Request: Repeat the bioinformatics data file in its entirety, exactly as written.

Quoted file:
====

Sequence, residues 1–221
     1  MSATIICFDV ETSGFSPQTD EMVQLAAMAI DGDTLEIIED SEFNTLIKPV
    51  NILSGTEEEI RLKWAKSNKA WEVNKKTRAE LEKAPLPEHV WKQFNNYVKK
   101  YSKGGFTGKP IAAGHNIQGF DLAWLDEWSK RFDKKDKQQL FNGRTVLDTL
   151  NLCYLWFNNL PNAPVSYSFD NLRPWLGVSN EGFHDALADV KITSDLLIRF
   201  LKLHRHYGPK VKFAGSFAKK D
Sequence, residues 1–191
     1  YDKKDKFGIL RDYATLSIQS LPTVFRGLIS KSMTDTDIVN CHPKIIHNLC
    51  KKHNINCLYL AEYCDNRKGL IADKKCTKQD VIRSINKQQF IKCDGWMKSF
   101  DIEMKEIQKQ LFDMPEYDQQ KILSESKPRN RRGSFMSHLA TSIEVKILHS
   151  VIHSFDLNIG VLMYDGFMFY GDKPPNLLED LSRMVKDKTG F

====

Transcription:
Sequence, residues 1–221
     1  MSATIICFDV ETSGFSPQTD EMVQLAAMAI DGDTLEIIED SEFNTLIKPV
    51  NILSGTEEEI RLKWAKSNKA WEVNKKTRAE LEKAPLPEHV WKQFNNYVKK
   101  YSKGGFTGKP IAAGHNIQGF DLAWLDEWSK RFDKKDKQQL FNGRTVLDTL
   151  NLCYLWFNNL PNAPVSYSFD NLRPWLGVSN EGFHDALADV KITSDLLIRF
   201  LKLHRHYGPK VKFAGSFAKK D
Sequence, residues 1–191
     1  YDKKDKFGIL RDYATLSIQS LPTVFRGLIS KSMTDTDIVN CHPKIIHNLC
    51  KKHNINCLYL AEYCDNRKGL IADKKCTKQD VIRSINKQQF IKCDGWMKSF
   101  DIEMKEIQKQ LFDMPEYDQQ KILSESKPRN RRGSFMSHLA TSIEVKILHS
   151  VIHSFDLNIG VLMYDGFMFY GDKPPNLLED LSRMVKDKTG F